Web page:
White House won't be releasing its own tax reform proposal: reports

White House won't be releasing its own tax reform proposal: reports
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The Trump administration has no plans to release a detailed proposal for reforming America's tax code, instead relying on the GOP-held House and Senate to take the lead, according to Thursday reports.

CNBC Washington correspondent Eamon Javers reported that an unnamed administration official says the White House will not be releasing its own plan, and stressed that President Trump had never committed to doing so.

The alleged remarks follow a report from Bloomberg earlier Thursday afternoon in which Republican congressional leaders said they didn't expect a proposal from the White House and instead would see the effort start in the relevant committees in the House and Senate.

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At a press briefing Thursday, press secretary Sarah Huckabee Sanders said an announcement on tax reform could come next week.

“Tax relief and the focus on tax relief for middle class Americans is a huge priority for this administration and certainly going to be a big focus in the fall. And we're going to look at a lot of different ways in which to talk about that and present that to the American people, working with Congress to make sure that that happens,” Sanders said.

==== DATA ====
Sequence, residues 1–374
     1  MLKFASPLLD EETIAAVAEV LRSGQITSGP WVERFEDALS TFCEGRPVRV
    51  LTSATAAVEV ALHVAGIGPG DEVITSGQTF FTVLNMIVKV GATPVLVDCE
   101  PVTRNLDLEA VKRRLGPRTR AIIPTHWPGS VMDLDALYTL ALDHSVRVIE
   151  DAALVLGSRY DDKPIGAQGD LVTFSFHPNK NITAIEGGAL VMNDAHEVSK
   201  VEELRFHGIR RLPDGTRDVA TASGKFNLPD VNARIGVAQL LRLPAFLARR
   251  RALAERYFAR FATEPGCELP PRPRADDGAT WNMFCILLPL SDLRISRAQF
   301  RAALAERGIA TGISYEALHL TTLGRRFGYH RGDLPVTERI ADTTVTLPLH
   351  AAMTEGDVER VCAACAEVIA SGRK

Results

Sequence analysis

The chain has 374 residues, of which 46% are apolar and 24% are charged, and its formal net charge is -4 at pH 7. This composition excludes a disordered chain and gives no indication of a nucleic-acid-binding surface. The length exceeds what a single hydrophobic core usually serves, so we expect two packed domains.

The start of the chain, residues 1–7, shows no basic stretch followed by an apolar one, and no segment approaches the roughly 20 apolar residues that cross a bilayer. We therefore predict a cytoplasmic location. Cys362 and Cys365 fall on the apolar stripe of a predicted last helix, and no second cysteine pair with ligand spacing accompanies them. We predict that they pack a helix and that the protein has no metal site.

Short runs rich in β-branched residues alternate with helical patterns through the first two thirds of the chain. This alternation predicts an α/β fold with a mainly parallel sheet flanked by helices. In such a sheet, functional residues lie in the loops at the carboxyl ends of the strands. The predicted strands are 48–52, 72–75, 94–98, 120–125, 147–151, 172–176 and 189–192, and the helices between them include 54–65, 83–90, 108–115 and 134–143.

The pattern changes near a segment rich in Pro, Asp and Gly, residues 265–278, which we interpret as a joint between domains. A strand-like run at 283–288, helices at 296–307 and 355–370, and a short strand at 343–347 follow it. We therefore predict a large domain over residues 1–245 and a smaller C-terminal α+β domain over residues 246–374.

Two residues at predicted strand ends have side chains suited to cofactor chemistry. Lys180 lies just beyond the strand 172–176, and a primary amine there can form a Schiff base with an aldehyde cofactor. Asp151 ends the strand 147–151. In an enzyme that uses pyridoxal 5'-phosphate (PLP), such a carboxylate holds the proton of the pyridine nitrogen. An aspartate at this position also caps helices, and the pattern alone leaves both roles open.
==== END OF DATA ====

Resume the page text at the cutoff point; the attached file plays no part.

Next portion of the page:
“We'll keep you guys posted whether there are specific announcements. I think that you can expect some of that to take place in the very short order, probably next week and following through to the fall.”

Senate Majority Leader Mitch McConnellAddison (Mitch) Mitchell McConnellSanders hits Feinstein over Kavanaugh allegations: Now it’s clear why she did nothing for months On The Money: Senate approves 4B spending bill | China imposes new tariffs on billion in US goods | Ross downplays new tariffs: 'Nobody's going to actually notice' McConnell tamps down any talk of Kavanaugh withdrawal MORE (R-Ky.) said at the beginning of August that Republicans hope to finish tax reform by the end of the year.

"What we intend to do is to take up tax reform when we come back after Labor Day,” he told reporters. “The goal would be to finish that sometime this year."

GOP efforts to overhaul the tax code, long at the top of conservative wish lists, took on new importance after the summer failure to repeal and replace ObamaCare.

Desperate to show a major legislative win, Republicans have been debating scaling down plans and simply passing tax cuts instead of full reform.